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Leadership webinar: future-proofing through budgeting (video and webchat)

Discussion in 'Senior Leadership Team' started by AndrewFIS, Jan 5, 2017.

  1. AndrewFIS

    AndrewFIS Occasional commenter TES Leadership Expert

    Planning for the future requires careful budgeting. Yet, with so many variables, how effective can it really be?

    As part of the TES Leadership webinar series, I’ll be putting your questions to Howard Jackson, the founder of HCSS Education, part of Access Group.

    We will examine how schools can take a systematic approach and keep their plans on track.

    Post your questions below now - and, if you can, join in our live webchat on January 18 at 4.30pm.

    Before that, you can watch a video we’ve made in which Howard and I discuss the issues, with key advice for school leaders.


    To access all the videos in the TES Leadership series, plus an exclusive database of grants available to schools, become a TES Leadership subscriber.
  2. TES_Rosaline

    TES_Rosaline Administrator Staff Member


    Don't forget to submit your questions below ahead of tomorrow's webchat.

    Thank you.
  3. TES_Rosaline

    TES_Rosaline Administrator Staff Member

    The webinar video will be available for seven days in this thread. If you wish to view the webinar after 24th January or to access all the videos in the TES Leadership series, plus an exclusive database of grants available to schools, become a TES Institutional subscriber. You can find out more information here.
  4. TES_Rosaline

    TES_Rosaline Administrator Staff Member

    Good afternoon and welcome to today’s webchat.

    The TES Leadership webchats give you the opportunity to put your questions to industry experts about key school management and operational issues.

    In a few moments I will hand you over to Andrew, who is editor of FIS, who will be hosting this week's hour-long webchat.

    Andrew and this week's guest, leadership expert panel member Howard Jackson, the founder of HCSS Education, part of Access Group, who will be available for the next hour to answer your questions.

    If you have any questions please submit them below. Don't worry if we run out of time, any unanswered questions will be responded to and posted on this thread later this week.

    I'll now hand you over to Andrew.

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    Whilst TES Global and the panel of leadership experts make every effort to ensure the high quality and accuracy of the Content, TES Global and each leadership expert makes no representation or warranty (express or implied) concerning the Content. Neither TES Global nor any leadership expert will be responsible for any damage or loss related to any use of the Content.

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  5. AndrewFIS

    AndrewFIS Occasional commenter TES Leadership Expert

    Hello and welcome to this webchat on futureproofing school finances. Joining me is Howard Jackson, who is founder of HCSS Education, part of Access Group. For those of you following this thread, please feel free to post your query. Remember to refresh your page to see the updates as they appear.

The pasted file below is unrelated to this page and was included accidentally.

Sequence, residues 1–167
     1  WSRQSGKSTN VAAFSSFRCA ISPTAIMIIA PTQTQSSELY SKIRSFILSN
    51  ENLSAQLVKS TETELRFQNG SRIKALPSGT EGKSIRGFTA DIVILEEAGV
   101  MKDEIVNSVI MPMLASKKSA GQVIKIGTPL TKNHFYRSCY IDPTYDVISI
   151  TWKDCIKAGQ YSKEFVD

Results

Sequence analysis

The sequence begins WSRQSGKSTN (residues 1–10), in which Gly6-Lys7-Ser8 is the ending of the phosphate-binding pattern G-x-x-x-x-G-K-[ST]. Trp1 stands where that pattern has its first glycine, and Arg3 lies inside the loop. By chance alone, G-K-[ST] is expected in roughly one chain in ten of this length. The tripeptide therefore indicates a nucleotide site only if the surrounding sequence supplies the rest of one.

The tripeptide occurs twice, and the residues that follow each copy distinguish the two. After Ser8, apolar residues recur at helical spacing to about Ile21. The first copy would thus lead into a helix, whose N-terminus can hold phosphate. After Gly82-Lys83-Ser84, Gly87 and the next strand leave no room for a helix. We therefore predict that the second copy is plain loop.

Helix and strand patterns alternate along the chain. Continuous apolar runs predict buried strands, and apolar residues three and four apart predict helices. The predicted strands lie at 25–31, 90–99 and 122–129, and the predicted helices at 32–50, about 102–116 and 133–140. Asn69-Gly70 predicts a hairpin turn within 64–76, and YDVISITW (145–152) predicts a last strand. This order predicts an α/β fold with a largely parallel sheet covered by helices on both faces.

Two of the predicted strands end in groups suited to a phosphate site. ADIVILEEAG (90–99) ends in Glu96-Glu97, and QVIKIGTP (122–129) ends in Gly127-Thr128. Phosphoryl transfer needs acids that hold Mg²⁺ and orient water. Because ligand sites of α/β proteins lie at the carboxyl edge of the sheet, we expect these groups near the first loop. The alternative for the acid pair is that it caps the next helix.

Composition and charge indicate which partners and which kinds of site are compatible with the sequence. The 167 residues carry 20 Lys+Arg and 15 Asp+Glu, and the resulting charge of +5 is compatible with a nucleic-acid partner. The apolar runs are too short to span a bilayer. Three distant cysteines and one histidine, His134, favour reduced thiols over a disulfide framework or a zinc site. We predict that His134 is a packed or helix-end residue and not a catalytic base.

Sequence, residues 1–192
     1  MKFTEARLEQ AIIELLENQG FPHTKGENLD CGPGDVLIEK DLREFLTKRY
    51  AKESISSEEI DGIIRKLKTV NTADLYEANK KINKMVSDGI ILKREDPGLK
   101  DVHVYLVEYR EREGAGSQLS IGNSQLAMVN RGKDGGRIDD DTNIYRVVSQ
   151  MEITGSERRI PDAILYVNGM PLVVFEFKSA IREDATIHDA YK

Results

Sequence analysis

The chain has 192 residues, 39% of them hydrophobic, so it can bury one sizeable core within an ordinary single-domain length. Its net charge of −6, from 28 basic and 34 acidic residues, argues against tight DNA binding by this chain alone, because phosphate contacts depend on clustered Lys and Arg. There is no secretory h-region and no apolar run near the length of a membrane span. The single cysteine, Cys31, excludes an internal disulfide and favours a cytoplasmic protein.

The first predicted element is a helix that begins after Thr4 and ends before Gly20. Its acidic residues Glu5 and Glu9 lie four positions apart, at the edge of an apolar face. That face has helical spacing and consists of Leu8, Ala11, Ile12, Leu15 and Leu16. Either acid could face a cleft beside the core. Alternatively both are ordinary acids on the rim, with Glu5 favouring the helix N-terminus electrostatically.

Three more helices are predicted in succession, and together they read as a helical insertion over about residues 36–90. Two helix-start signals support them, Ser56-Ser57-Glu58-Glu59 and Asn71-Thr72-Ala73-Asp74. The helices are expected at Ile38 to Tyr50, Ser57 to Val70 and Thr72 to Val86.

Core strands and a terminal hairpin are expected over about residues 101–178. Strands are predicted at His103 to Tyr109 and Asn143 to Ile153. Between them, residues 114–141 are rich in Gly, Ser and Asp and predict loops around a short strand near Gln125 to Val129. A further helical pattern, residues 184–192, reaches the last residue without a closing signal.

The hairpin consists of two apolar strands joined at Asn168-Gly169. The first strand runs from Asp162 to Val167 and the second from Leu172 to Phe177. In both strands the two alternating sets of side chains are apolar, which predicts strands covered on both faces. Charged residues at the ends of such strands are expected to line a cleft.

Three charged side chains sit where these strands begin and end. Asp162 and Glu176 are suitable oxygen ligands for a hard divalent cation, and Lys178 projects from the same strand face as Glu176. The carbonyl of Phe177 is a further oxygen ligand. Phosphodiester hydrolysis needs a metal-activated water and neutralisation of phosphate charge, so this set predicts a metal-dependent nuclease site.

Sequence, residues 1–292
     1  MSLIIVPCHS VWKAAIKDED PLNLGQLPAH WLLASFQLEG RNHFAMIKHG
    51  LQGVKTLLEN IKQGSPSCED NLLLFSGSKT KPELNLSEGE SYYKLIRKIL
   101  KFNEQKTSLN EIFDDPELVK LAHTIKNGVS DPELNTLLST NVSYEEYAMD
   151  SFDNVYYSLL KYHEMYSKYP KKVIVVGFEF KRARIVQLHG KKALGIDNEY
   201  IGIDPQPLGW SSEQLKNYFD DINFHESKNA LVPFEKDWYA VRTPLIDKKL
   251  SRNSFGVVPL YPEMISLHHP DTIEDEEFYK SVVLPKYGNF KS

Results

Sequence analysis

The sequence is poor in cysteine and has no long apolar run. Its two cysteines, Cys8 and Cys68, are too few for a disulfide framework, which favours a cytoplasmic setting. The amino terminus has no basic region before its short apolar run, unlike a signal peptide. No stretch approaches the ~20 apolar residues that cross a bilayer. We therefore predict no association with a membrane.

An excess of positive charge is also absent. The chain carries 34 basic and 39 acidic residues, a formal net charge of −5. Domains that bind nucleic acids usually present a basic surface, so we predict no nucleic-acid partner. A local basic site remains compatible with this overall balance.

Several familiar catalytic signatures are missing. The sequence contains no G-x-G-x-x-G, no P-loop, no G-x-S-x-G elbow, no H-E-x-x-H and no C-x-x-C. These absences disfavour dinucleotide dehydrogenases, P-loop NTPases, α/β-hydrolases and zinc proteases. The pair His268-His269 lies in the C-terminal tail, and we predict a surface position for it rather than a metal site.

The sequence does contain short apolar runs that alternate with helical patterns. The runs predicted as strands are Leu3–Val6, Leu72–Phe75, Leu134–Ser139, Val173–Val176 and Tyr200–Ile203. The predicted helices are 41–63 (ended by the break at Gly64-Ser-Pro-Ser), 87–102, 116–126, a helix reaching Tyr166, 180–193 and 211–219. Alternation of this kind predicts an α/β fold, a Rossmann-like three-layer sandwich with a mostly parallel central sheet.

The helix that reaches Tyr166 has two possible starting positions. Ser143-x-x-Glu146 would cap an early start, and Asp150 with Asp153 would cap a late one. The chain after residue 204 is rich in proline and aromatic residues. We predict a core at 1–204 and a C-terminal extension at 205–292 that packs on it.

Thanks for joining us, Howard.

    Firstly, do you think that schools budget as effectively as they could? Could they do better?
  6. Howard_Jackson

    Howard_Jackson New commenter TES Leadership Panel Expert

    Good Afternoon
  7. Howard_Jackson

    Howard_Jackson New commenter TES Leadership Panel Expert

    There is clearly a huge difference between schools and how effectively they budget and this could be down to many factors, for example; have schools got the necessary experience and skills to budget well? Have they got the software/tools to budget well? For example HCSS Budgeting. Are they following a strategy of ‘it’s always been done like this’? Are they taking the path of least resistance? It’s quite clear from my experience that many schools have grasped the concept of putting the school’s resources behind the strategy and vision but so many still look at all of the costs before allocating resources to support their development plan. Schools are still allocating resources on the basis of what they can afford rather than what the right thing to do is. Another concern of mine is that schools are not always very skilled at prioritising the impact of objectives within their strategic plan; it is critical to ensure that the objectives that are going to have the biggest impact on teaching and learning are funded first.
  8. AndrewFIS

    AndrewFIS Occasional commenter TES Leadership Expert

    Some schools zero-budget and ask every department to "pitch" for a budget. Can this be effective?
  9. Howard_Jackson

    Howard_Jackson New commenter TES Leadership Panel Expert

    There is no doubt, in my opinion, that zero budgeting is the start of the process; schools need to ensure that everyone understands the strategy, vision and the direction that the school is travelling in i.e. everyone has to buy into the school’s priorities. If department heads pitch for a budget allocation, it should be heavily weighted and determined by the agreed priorities. This methodology can take 2 or 3 budget cycles to embed in the school process, but once it has been, the budgeting process is much more effective. It absolutely makes sense to me to constantly allocate resources to the priorities of the school development plan rather than adding inflation increases to previous year’s budgets, without applying rigorous scrutiny to those budgets. What made sense a number of years ago in terms of budget allocations does not necessarily make sense now as priorities can change very quickly.